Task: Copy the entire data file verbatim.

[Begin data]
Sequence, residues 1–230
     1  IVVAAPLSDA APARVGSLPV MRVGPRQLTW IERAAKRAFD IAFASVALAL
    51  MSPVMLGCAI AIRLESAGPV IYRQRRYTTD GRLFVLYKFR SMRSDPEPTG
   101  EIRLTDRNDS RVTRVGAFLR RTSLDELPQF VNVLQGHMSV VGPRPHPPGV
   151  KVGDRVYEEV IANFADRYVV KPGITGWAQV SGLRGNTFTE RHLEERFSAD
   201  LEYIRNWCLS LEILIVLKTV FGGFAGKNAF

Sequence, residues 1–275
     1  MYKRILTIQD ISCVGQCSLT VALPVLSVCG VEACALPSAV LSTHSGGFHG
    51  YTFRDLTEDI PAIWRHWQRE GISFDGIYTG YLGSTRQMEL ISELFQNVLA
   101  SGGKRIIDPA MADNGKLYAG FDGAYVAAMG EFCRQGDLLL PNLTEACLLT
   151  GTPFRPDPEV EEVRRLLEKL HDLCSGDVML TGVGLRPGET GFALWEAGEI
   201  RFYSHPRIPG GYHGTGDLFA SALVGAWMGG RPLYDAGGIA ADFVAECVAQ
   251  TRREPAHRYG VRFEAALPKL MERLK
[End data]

Sequence, residues 1–230
     1  IVVAAPLSDA APARVGSLPV MRVGPRQLTW IERAAKRAFD IAFASVALAL
    51  MSPVMLGCAI AIRLESAGPV IYRQRRYTTD GRLFVLYKFR SMRSDPEPTG
   101  EIRLTDRNDS RVTRVGAFLR RTSLDELPQF VNVLQGHMSV VGPRPHPPGV
   151  KVGDRVYEEV IANFADRYVV KPGITGWAQV SGLRGNTFTE RHLEERFSAD
   201  LEYIRNWCLS LEILIVLKTV FGGFAGKNAF

Sequence, residues 1–275
     1  MYKRILTIQD ISCVGQCSLT VALPVLSVCG VEACALPSAV LSTHSGGFHG
    51  YTFRDLTEDI PAIWRHWQRE GISFDGIYTG YLGSTRQMEL ISELFQNVLA
   101  SGGKRIIDPA MADNGKLYAG FDGAYVAAMG EFCRQGDLLL PNLTEACLLT
   151  GTPFRPDPEV EEVRRLLEKL HDLCSGDVML TGVGLRPGET GFALWEAGEI
   201  RFYSHPRIPG GYHGTGDLFA SALVGAWMGG RPLYDAGGIA ADFVAECVAQ
   251  TRREPAHRYG VRFEAALPKL MERLK